Friday, 1 March 2013

"I imagine this is how the Beatles felt on Ed Sullivan."

This post is the reply of my friend/colleague, Colleen, after I updated my research group about my first two talks.  As you may guess, today's colloquium also went really well.  It was at the State University of Goias in Anapolis, about two hours away.  Ironically enough, the professor I mentioned last post who wouldn't listen to the data decided to join us.  Oh the glories of retirement- only then would one want to spend four hours in a car just for a free lunch and a talk they already heard!
The drive was a nice opportunity to see the Brazilian countryside- Goias is an agricultural state, known as the breadbasket of Brazil.  We also passed through Abadiania, a small town which has grown dramatically with the rising fame of "John of God", a self-proclaimed psychic surgeon.  Apparently, he gives his patients two  options: an invisible or visible operation, where for the first option, people just mediate in a room and often are prescribed a concoction of passionfruit herbs.  Supposedly, this guy is really well-known (he was on Opera, case in point!) for curing everything from Lou Gehrig's disease to paraplegia to a brain tumor and people come from all over the world to see him.  Gilberto actually said that he met someone through couchsurfing was hired as a nurse to someone who traveled from the US to Brazil to see this man.  Apparently the nurse decided the free trip wasn't worth stick with her sick friend, did some sightseeing around Brazil (when she met Gilberto) then went home.  So that was interesting...
It was hard to get a good picture of the countryside but here's a general idea
The University itself was built only six years ago and one of 43 state university campuses, offering undergraduate and master's programs in scientific fields.  Since this school is less competitive, English is even less common and when I met the director of the school, he didn't speak it confidently.  Originally my talk was scheduled to happen in a room slightly larger than a typical classroom so I started presenting there in a pretty full room- a dozen professors, mostly graduate students and some undergraduates.  Before I started, I tried asking them about their backgrounds to figure out why they wanted to listen to me speak but they were pretty shy and I didn't get much information but supposedly they all attended willingly.  During my introduction, the room started to fill and they had to bring in extra chairs to accommodate people.  As I started to speak, there was a growing crowd outside the door  that couldn't be easily squeezed into the classroom.  So they actually stopped my talk halfway through to move to a large classroom down the hall, people followed me into the room even though at this point they knew that I'd only be speaking in English and I ended up presenting to a crowd of ~60 people.  I got a few questions but the translator wasn't there and people were shy but everyone seemed to be listening intently and nodding so hopefully they understood what I said.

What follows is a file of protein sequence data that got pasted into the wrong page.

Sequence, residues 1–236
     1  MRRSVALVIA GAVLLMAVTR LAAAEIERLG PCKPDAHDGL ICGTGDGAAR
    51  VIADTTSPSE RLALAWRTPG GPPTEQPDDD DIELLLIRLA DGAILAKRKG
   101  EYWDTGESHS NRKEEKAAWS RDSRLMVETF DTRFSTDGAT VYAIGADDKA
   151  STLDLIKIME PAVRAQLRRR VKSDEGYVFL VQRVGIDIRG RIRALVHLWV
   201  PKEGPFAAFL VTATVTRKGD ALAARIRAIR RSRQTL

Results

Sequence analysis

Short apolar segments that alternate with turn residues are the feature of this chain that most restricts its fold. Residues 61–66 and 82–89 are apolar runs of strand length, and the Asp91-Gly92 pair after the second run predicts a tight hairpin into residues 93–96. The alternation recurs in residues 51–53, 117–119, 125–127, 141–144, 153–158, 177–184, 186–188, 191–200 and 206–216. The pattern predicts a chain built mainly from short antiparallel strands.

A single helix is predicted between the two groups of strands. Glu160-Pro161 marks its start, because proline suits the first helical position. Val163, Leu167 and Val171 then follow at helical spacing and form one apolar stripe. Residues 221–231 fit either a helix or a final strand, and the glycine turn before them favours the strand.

Delicious Brazilian lunch with University of Goia faculty and employees
 After that, the director, a couple professors, a couple secretaries took the Gargs and I out to lunch.  It was a nice traditional Brazilian restaurant with food by the kilo- I'm definitely a fan!  It's nice to be able to try a variety of foods and you only have to pay for what you want to eat.
I learned more about shall I say "ineffective" policies of the government.  Not only do students get free education, but supposedly many of these educational funds go to supplementing food and housing costs  and therefore the funds run out before improving quality of teaching or the facilities/equipment.  The students aren't competitive and high career aspirations typically aim to being a civil servant, which you can qualify for by doing well on an exam.  Supposedly, they are paid an annual salary of $100,000 (more than a college professor) to sit in Congress and do nothing and they can't be fired.  I was talking to a pharmacy professor about how I was surprised at the quantity of students studying pharmacy.  He said a degree in that here doesn't hold the same prestige as in American because Brazilian companies don't innovate- they just copy medications from elsewhere.  Near this campus was a Hyundai and Pfizer factory so graduates have opportunities to be employed but they aren't usually given opportunities to innovate or research.  Health care is also basically free but most of the hospitals are contained in big cities so the government reimburses distant ambulance rides to these centers but even these hospitals are too full to meet demand....  Generally, ineffective and unsustainable policies.
On the way home, we stopped at a rest stop/road side restaurant where we had "sugar cane juice" where they literally stuffed sugar cane into a machine and some sweet juice came out, freshly made.  I guess in India, they add ginger and lemon which sounds delicious.  The other professor ordered this mushed corn drink which we made he made me try.  It tasted like liquified corn muffin.  Interesting but I didn't want a glass of my own.
So I don't like to get into politics but it's all very different.  Just one weekend and one weekday left in Brasilia!  I've gotten settled in a nice routine- fruits, nuts and coffee for breakfast, learn Portuguese, work on my blog, delicious lunch (recently she's made naan, samosas, a couple pumpkin dishes, popular Brazilian cheese balls, this tomato, homemade mango juice and soybean stew... everything always from scratch), research, update blog, teatime with occasional meetings/interviews at the University throughout the day, followed by some sort of afternoon/evening adventure... but I'm also excited for a change of scenery.  I don't know how much I'm going to like the big city of Sao Paulo but I've got some people excited to show me around so that'll make it better!